Gilligan explained one of the ways they were able to bring the numbers up was by taking the fleet numbers down. "In 2003 Mit’subishi’s fleet sales were thirty percent of our total sales. We had to take our fleet cars to the open auction because there were so many the dealers didn’t want to buy them all." Gilligan went on to explain that if one’s resale vehicle price is lower than what they owe than they will be upside down in their next loan. "No one wants to stay with a brand where you owe more than it’s worth". Gilligan says for 2005 Mit’subishi’s sales should be 150,000 with only eighteen percent of their sales as fleet.
Mit’subishi is also collaborating on a new 4 cylinder engine with Hyundai and DaimlerChrysler that is being built in Dundee, Michigan. Mit’subishi says they will start buying and putting those engines in their 2008 model year vehicles. Currently, their engines are built in Japan. This will free up sourcing for their North American Free Trade Agreement (NAFTA) requirements.
"If a vehicle doesn’t meet the NAFTA requirement of 62 percent of their vehicle sourced in North America each vehicle will cost somewhere between $800-$1,000 more per vehicle. Since Mit’subishi’s engine was sourcing around 28 percent this left Mit’subishi with about 72 percent to play with. Mit’subishi was sourcing around 68 percent, which didn’t leave much of a cushion." According to Gilligan, "this precludes you from sourcing from the Philippines, Thailand or China".
Gilligan and Schembri have been with Mit’subishi about the same amount of time. Gilligan’s strong suit is Industrial Engineering and Manufcturing and Schembri’s is sales and marketing. Gilligan credit’s Schembri with the "gas comes standard" incentive program that General Motors just started offering on their vehicles. Mit’subishi’s is for a full year of gas free while GM’s is for $500 and can be combined with another incentive.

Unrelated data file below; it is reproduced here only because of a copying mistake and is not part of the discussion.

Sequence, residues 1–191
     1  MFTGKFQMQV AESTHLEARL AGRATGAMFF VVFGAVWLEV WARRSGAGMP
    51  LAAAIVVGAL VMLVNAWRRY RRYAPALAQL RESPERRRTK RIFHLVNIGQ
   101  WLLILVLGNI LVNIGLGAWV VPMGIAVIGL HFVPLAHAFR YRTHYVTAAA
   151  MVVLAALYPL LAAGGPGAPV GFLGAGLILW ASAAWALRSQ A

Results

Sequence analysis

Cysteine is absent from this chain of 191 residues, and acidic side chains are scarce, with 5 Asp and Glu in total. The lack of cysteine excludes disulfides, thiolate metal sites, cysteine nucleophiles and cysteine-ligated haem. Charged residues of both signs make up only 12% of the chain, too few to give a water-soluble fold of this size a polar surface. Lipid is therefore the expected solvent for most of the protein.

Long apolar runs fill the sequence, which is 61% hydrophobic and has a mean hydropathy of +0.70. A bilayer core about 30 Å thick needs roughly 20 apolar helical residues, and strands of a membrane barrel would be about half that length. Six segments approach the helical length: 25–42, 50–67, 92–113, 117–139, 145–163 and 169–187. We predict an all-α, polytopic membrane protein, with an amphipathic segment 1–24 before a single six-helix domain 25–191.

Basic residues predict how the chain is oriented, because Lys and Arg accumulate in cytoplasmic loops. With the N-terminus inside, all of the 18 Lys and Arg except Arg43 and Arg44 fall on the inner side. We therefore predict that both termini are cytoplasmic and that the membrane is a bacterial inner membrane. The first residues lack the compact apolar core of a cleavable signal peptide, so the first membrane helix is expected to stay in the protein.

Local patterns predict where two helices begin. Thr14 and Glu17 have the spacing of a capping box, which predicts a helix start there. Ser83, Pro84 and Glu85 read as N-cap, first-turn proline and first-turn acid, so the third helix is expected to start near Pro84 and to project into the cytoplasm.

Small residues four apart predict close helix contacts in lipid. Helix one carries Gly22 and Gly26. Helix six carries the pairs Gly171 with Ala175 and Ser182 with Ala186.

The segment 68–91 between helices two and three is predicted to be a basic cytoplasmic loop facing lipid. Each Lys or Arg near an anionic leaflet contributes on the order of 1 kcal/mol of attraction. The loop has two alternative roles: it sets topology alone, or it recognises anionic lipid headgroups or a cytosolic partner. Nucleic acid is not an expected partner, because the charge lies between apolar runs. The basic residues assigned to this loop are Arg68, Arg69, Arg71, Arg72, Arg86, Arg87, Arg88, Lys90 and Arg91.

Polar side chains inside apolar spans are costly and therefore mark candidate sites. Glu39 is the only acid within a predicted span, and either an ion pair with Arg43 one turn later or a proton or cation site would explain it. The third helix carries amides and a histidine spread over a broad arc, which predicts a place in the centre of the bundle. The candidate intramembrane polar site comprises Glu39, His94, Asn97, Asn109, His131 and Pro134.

Gilligan comes off as a man who knows this will be his last stint at an automotive company. It seems as thought he is seen by many in the Mizushima factory and in Mit’subishi as a grandfatherly type who now only wants to leave his last post with the legacy of leaving it in the best position he possibly can.
Schembri seems to understand his position and what his next position could be if everything he and Gilligan are striving for does come to past. Schembri pays homage to Gilligan for his intelligence and for letting Schembri implement his plans and for giving Schembri credit in the public for those plans.
There have been no formal announcements of Schembri succeeding Gilligan. Only logical conclusion says that Gilligan and Schembri might have some agreement that it is part of their plan. But follow the two for a day at the Mizushima factory. Ask them both questions separately and listen to their answers. You get the feeling that they both have an understanding of where the other wants Mit’subishi to go and that both are on the same page.
But not now, the two still have a lot of work to do.